Candlemaking: The Art and Craft of Spiritual Formation -- By: Linda Hines Geiser

Journal: Ashland Theological Journal
Volume: ATJ 26:0 (NA 1994)
Article: Candlemaking: The Art and Craft of Spiritual Formation
Author: Linda Hines Geiser


Candlemaking:
The Art and Craft of Spiritual Formation

Linda Hines Geiser

Linda Hines Geiser graduated from Ashland Seminary in 1994 with a Master of Arts degree in spiritual formation. She and her husband Charles formerly worked for Mennonite Central Committee in several Latin American countries. She is currently finishing the Master of Divinity degree at Ashland.

It is evident that there is flowing throughout contemporary society an emptiness of spirit, a lack of meaning, an insidious apathy. Rapid-paced technology, materialism, racism, sexism and moral confusion all contribute to the current malaise. For many, life is out of control. Homelessness has become more than an external reality. It is an internal spiritual condition. The church is not exempt from this state of affairs. Having “accepted” Christ and joined the church, many persons settle into a complacent mediocrity. They are left wondering if that is all there is. Don’t whisper it too loudly, but there have even been a few church leaders known to succumb to this crippling disease.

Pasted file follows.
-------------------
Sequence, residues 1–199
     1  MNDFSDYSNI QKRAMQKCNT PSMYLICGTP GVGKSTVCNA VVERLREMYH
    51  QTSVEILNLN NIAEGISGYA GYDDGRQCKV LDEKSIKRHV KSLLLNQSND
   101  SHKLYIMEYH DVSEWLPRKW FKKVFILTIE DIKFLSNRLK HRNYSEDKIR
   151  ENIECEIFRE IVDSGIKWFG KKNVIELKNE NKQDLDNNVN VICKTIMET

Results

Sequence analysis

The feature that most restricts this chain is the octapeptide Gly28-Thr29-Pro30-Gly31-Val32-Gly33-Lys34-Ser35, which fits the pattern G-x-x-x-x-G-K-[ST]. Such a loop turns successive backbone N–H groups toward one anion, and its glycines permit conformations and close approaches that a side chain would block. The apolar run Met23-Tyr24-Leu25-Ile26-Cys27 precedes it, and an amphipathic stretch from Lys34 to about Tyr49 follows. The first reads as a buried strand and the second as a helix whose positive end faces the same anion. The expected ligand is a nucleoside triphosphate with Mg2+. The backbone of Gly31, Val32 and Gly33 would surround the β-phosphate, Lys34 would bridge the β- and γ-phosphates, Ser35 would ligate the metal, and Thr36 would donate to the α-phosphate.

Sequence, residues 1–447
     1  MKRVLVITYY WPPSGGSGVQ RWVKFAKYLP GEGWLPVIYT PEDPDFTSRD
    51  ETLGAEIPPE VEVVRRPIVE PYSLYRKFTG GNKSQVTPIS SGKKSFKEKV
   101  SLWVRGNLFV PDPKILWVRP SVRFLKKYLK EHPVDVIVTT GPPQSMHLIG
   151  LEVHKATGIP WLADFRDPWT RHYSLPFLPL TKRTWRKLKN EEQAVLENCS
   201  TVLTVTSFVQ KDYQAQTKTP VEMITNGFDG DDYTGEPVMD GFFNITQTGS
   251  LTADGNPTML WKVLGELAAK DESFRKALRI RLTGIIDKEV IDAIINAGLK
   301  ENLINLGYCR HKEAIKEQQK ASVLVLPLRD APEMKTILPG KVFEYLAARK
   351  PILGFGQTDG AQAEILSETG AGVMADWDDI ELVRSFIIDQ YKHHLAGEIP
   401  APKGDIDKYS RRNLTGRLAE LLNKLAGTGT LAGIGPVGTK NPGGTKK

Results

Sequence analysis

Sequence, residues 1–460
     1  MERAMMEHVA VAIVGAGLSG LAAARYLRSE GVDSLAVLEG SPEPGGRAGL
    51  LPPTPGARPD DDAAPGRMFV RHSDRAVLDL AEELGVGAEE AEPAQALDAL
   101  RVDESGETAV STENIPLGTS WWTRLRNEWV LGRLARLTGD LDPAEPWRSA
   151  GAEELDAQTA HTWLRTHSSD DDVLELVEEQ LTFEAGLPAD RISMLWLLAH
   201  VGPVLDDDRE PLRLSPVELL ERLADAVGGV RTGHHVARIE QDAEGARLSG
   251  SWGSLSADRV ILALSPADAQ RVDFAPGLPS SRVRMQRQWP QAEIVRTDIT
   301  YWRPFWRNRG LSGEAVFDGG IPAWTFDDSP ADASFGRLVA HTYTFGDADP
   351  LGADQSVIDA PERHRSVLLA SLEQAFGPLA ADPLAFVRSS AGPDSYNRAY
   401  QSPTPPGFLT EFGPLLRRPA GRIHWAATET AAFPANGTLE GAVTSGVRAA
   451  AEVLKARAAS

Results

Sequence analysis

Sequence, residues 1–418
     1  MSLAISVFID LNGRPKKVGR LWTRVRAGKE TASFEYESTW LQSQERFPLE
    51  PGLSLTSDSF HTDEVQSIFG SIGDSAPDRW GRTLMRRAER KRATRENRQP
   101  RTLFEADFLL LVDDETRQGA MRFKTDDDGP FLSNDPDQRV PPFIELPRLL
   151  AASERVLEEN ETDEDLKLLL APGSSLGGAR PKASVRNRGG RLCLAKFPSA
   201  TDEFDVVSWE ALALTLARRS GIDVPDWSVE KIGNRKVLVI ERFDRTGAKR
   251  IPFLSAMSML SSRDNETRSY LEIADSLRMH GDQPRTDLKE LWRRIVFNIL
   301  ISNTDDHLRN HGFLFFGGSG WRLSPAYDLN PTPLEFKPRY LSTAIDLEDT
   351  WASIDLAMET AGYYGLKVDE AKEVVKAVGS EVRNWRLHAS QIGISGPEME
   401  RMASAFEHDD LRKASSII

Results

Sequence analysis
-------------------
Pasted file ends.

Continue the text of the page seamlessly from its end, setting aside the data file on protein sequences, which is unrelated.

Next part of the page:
The spiritual journey, held in the grip of such a contagion, is disabled and paralyzed, shrinking up into death. The process

of inner growth begins to resemble a spiritualized version of a walk along the all-American, rise-to-the top, look out for number one, consumer path. Nourished by spiritual junk food and cheap entertainment, it leads directly into a hollow vacuum. This is a far cry from the vision Christ offers of new life, living water and abundant joy.

How can the chains of apathy be loosened? What are the tools that will gently pry them open and ultimately cast them to the ground? The search for meaning and the pain of emptiness may, in fact, be the vehicles through which freedom will come. God is calling the human spirit precisely through such disillusionment, into a relationship characterized by depth, transformation, and inner at-homeness. The challenge is to find ways for people to make the connection. A new look at spiritual formation may shed some light on the path through this barren wasteland.

Called to be Transformed

The process of spiritual formation is about being transformed into the likeness of Christ. It is growth, movement and change. The word process suggests procedure, methods and particular steps employed to reach a desired goal. In spiritual formation this process progresses beyond concrete analysis into mystery and leads to transformation.

All parts of the human being are gathered up into Christ, integrated and made holy. For what reason? So that we may love as Christ loves and be one with each oth...

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